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  5. Did you add basting stitches to the sleeves too? Now that I think about it, probably not because you knit them flat so they’ll already have seams when you seam the sleeves together and when you seam them to the body. Would you add them to the sleeves on Uniform since the yoke construction is similar to Amanda? I’m currently working on Uniform and I’m kicking myself for not starting the sleeves first, ha.

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    • I’m really into knitting sleeves flat these days — I feel like they go faster, and no risk of ladders. So I went ahead and left them in this case, and will likely do all the same things with Uniform.

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  6. Hi Karen, I just started knitting in Jan of 2014. I’ve enjoyed your blog as it has given me much guidance and encouragement in my knitting endeavors. Recently I have been knitting a cabled baby blanket to give as a gift. I had a little over a month to finish it before the arrival of the baby, but I ended up finishing it last night in just slightly over 2 weeks. This was my first adventures in cabling and working from a charted pattern. Once I got over a certain “hump” and got the pattern memorized, I was an obsessed, knitting manic! Any moment of time that I had, I knitted ~ and I loved (almost) every minute of it! The blanket is being blocked right now and I’m looking forward to getting it into the mail just in time for the new baby. I’m feeling rather adventurous now and I’m thinking that my next project will be Jared Flood’s “Skiff” hat…eeek!!!

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  7. Your Bellows looks beautiful! And I’m amazed that you had the courage to machine wash it before putting it together. I’ve done that after the fact, but only when I was willing to suffer a bit of shrinkage.

    As for your Uniform, I made mine out of Fiber Company Acadia. I love a lot about their yarns, but the color (within the same dye lots) can be very inconsistent, and really hard to see until you’ve knit the whole damn sweater. I strongly advise alternating skeins throughout. That dye issue, and the terrible pilling of the Acadia, has morphed my Uniform into a frumpy cardi way too prematurely.

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  8. First time commenter here, but I’ve been reading for a bit. I love the beautiful things you post! I regularly get inspired! :) So, just wanted to say thanks for bringing lovely things together under one bloggy roof. I’m making Verdure Mitts by Alana Dakos and loving every minute of them. Such great charts.

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  9. I have been also thinking of knitting the Uniform but hadn’t thought of Knightsbridge as a possible yarn choice. I like it.
    Can you post your swatch or email it to me?

    I love reading your posts..and your on target with what people want and need. Thanks for all of the good stimulation !!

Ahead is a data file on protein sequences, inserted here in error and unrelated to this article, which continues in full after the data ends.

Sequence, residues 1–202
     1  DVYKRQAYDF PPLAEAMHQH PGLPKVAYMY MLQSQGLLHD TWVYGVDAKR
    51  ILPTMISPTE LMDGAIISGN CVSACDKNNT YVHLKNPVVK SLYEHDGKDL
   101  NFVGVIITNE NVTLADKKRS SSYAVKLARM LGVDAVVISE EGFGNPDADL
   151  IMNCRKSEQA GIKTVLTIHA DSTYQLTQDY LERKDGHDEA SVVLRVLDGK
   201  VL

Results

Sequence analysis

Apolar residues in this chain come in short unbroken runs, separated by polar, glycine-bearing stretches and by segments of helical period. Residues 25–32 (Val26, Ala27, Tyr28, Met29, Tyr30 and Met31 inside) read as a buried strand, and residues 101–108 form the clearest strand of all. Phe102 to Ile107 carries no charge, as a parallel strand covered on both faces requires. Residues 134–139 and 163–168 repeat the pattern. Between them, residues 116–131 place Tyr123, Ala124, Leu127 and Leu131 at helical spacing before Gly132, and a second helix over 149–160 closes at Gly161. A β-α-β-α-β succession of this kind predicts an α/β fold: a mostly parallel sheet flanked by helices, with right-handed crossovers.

Susan

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  10. One question for you. I have always wondered why one would choose doubling the yarn as opposed to choosing a bulky yarn, or one big enough to give you the gauge. Apart from color shifts like ombre or other effects like wool and mohair held together, why should we use two strands of the same yarn? Would be very interested by a post on this.
    And to answer your question, this week-end I am finishing a rabbit in cotton for a baby gift, continuing my Fretwork sweater, seaming a bulky cardigan and maybe a few swatches if I have time. It is going to be very cold here (as usual) so perfect knitting weather.

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    • In addition to the reasons you’ve noted, there’s the possibility of creating a marl effect, or to use yarn in your stash. In the case of Brooklyn Tweed, whose pattern this is, they don’t have a bulky yarn in their lineup, so when they want to do a bulky or superbulky pattern, they do that by holding two or three or even four strands — so to get other gauges out of the same yarn. In trying to decide what yarn I wanted to use for this one, I considered several bulky yarns as well as various matched and mismatched combinations of worsteds. But decided on this O-Wool in part because holding it double eliminates the alternating skeins problem with yarn that doesn’t take the dye in uniform fashion.

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      • Thanks for your reply. Finding the right yarn is indeed not always possible so I understand the logic of using a great yarn held double if no bulky option fits.
        By the way, do you know the yarnsub.com website? A great resource for finding an adequate substitue yarn if you’re stuck. I discovered it a couple of weeks ago.
        Looking forward to seeing your finished project, looks really close. Have a great week-end.

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  11. what colour in the knightsbridge are you planning on for uniform? i’d like to knit uniform, but not with raglans sleeves. might be a project for customfit. i’m finishing off a tugboat jacket for a friend’s new baby boy.

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  12. Pingback: My classic British vest | Fringe Association

  13. Love your blog…your work is very beautiful. I noticed your gauge on all your posted projects looks so even. I strive for that, so its nice to see it can be done. I had a question regarding the Bellows cardigan your working on. The O-Wool yarn you used for that project, was it a fingering weight held together?